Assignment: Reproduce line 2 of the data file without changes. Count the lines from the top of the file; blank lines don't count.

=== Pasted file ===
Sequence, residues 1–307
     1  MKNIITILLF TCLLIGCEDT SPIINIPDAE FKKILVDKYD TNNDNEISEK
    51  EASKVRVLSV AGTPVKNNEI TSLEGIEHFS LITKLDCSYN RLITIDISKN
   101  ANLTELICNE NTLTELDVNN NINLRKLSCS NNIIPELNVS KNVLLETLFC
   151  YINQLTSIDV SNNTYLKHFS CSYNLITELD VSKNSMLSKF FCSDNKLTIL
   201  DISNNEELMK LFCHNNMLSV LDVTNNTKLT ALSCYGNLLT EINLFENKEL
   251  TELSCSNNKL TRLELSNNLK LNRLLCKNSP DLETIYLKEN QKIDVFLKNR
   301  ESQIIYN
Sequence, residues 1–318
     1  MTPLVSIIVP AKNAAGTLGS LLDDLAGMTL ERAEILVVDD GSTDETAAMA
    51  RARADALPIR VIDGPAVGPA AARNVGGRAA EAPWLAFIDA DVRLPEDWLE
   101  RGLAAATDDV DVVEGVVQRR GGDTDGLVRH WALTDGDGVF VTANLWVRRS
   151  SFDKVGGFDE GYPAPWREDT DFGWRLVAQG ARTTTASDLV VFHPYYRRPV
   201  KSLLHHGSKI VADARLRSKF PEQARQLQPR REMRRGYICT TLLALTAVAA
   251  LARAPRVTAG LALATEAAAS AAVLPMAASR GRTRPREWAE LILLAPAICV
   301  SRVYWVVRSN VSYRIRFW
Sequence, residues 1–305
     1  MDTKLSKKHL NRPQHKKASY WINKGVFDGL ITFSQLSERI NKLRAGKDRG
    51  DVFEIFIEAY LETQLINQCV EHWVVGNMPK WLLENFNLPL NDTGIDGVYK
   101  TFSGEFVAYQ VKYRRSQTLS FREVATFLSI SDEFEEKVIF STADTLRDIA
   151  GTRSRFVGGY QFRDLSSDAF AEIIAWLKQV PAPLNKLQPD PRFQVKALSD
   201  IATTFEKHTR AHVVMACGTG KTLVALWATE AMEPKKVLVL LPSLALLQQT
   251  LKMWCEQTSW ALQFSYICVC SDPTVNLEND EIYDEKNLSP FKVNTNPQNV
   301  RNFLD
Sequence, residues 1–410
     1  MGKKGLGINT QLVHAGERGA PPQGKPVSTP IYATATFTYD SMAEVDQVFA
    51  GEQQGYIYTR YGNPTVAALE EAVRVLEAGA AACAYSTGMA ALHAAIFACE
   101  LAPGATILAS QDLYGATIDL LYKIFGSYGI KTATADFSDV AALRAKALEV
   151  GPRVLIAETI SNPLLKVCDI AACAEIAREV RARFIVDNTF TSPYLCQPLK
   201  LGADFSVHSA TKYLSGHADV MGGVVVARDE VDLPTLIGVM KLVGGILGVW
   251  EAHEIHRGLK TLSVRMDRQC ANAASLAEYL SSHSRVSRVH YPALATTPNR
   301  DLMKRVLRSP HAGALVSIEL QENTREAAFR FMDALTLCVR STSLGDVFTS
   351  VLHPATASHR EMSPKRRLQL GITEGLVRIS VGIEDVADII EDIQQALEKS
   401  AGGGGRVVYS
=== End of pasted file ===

     1  MKNIITILLF TCLLIGCEDT SPIINIPDAE FKKILVDKYD TNNDNEISEK